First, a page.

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Why we have Discussion Groups

For the next seven weeks, you will meet in small groups to discuss your research. Scientists, engineers, and physicians are often criticized for not being able to explain scientific concepts to people without an advanced degree in their discipline. It's not just "the general public" who complains about this, you've probably done it yourself. Haven't you left some lectures muttering, "S/He just can't explain anything!" Notice that you don't blame yourself for not understanding, but you blame the instructor for not explaining it well enough.... Well, I think you're right about that. It is the instructor's responsibility to describe things clearly.

So here's your chance to be the instructor. You are responsible not only for knowing what you did and why, but also for being able to explain it in a way that will be understood by others. That means even by a freshman in the group who hasn't yet had an introductory biology course. This is much harder than you may imagine. You've been talking to your labmates all summer, and you have a good grasp of how to discuss the technical concepts with experts in the field. This is not the same, however, as discussing them with novices.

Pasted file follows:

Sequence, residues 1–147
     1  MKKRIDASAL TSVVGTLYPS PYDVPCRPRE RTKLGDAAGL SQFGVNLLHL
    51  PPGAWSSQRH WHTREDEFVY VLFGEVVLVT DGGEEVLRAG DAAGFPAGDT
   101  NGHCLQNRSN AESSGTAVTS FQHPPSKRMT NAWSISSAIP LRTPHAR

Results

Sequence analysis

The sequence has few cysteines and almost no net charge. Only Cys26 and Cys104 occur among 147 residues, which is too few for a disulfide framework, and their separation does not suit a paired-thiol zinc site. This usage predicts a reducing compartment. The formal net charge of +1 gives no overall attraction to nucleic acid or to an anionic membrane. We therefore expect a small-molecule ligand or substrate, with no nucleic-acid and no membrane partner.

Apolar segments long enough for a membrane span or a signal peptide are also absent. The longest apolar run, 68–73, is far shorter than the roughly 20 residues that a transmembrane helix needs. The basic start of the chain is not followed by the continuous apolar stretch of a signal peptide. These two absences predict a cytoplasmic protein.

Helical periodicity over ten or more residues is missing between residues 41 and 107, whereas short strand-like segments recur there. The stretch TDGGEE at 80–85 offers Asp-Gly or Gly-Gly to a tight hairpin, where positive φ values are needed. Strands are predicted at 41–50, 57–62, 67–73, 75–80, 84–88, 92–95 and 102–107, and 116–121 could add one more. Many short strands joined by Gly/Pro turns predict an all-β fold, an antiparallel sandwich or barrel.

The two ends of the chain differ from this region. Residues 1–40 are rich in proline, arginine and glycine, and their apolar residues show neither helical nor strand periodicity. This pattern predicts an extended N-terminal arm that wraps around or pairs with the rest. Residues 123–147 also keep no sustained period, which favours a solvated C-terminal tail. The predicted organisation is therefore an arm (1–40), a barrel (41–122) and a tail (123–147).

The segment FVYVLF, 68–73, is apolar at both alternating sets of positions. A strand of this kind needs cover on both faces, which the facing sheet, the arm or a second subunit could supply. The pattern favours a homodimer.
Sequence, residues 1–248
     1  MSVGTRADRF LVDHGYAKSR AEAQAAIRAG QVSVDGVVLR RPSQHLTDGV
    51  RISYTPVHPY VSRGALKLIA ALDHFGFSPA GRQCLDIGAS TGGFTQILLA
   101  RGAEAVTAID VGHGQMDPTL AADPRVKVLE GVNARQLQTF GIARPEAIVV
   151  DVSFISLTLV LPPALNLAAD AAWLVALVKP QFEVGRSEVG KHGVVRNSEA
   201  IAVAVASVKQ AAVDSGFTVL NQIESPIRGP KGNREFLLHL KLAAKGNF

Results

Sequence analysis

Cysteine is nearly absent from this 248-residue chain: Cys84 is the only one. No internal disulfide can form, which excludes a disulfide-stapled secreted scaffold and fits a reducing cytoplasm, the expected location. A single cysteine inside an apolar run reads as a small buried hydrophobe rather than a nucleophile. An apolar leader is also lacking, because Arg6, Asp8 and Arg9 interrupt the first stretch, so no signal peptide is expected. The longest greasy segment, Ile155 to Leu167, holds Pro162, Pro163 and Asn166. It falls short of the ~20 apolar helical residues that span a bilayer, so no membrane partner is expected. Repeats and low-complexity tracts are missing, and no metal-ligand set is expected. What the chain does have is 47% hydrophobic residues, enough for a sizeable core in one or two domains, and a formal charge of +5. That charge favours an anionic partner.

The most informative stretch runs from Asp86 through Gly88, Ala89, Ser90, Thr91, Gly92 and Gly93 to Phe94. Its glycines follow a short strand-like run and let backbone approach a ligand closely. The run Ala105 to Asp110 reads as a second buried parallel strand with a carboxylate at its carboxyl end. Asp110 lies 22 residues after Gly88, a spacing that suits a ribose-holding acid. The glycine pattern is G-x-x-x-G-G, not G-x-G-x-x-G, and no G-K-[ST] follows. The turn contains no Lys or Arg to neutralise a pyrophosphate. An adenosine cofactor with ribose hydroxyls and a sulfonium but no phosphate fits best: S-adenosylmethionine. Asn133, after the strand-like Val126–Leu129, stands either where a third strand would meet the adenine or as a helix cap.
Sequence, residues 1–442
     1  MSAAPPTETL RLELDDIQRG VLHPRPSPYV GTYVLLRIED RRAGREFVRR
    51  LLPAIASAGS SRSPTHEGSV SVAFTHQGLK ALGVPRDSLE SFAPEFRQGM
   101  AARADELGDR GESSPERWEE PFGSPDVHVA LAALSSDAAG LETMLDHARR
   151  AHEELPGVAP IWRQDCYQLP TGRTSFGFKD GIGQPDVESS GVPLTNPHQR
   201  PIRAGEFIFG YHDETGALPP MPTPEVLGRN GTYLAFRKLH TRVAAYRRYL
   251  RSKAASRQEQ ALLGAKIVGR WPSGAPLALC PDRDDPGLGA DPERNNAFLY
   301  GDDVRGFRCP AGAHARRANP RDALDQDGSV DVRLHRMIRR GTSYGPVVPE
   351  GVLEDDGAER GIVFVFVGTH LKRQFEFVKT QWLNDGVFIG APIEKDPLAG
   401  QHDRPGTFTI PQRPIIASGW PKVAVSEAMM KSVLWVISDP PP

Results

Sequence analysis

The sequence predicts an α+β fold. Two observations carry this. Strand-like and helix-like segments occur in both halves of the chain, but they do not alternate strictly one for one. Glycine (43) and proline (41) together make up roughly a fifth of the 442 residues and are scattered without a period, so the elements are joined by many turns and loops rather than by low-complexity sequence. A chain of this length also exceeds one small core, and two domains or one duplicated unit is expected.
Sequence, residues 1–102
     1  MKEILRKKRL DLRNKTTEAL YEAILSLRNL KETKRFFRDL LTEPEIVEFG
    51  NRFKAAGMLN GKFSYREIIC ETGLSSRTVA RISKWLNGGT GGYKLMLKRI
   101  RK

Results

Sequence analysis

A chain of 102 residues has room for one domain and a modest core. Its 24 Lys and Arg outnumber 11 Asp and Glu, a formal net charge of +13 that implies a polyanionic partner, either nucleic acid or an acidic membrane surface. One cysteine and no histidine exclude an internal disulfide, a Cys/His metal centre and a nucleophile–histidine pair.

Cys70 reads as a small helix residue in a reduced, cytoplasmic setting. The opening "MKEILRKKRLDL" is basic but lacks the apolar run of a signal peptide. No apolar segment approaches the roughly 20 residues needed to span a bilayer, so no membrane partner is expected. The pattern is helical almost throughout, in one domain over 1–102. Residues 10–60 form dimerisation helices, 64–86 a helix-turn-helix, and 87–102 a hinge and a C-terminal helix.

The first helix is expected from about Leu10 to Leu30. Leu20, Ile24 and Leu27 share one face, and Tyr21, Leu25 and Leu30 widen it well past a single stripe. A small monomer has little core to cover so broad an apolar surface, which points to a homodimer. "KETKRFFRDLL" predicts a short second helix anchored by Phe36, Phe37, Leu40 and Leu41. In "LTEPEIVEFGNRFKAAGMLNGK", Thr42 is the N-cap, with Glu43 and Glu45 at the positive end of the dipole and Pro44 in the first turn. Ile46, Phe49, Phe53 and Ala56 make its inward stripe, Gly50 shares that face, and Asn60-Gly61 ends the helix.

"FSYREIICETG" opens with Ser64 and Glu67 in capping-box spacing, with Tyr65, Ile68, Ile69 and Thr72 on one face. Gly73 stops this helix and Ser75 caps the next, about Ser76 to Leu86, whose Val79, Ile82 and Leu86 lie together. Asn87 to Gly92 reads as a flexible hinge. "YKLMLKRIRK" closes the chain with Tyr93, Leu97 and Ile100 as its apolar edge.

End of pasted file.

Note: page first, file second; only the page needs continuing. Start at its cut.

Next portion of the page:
For example, you may assume that everyone working in a lab will understand what you're doing when you say, "I'm screening a cDNA library." But think for a minute what might be going through the mind of someone who hasn't studied molecular biology yet. "What does that mean to screen a library? Sure, Butler has a problem with insects flying through the open windows, but are SURF students really putting up screens?"

The ability to describe your work clearly is an important skill to develop for future interviews for jobs, graduate school, and even medical school. The discussion groups also give you a chance to hear about the kinds of research being done elsewhere in the university. You contribute to the presentations that others are giving when you ask questions that help clarify what the speaker is saying.

How to prepare your presentation

  1. It's best not to read a prepared speech, which tends to be too formal. Instead, write out an outline of what you want to say, and practice with this until you feel confident that you can give a clear and logical description of what you're doing and why.

  2. Practice this out loud with a friend, asking them to let you know if anything isn't clear. If you take the shuttle bus uptown, this is a perfect place to practice: Say to your seatmate, "Hey, wanna hear about my research?" and without waiting for a response, give your 5 minute spiel, and see if you can reach 168th Street without having their eyes glaze over.

  3. Prepare a 15 minute talk. When you actually discuss your work, you can do it as a more informal conversation, not as a prepared talk, and with interruptions and discussions it might take 20-30 minutes. But do prepare a 15 minute talk anyway, so that you know that you'll cover all the important points.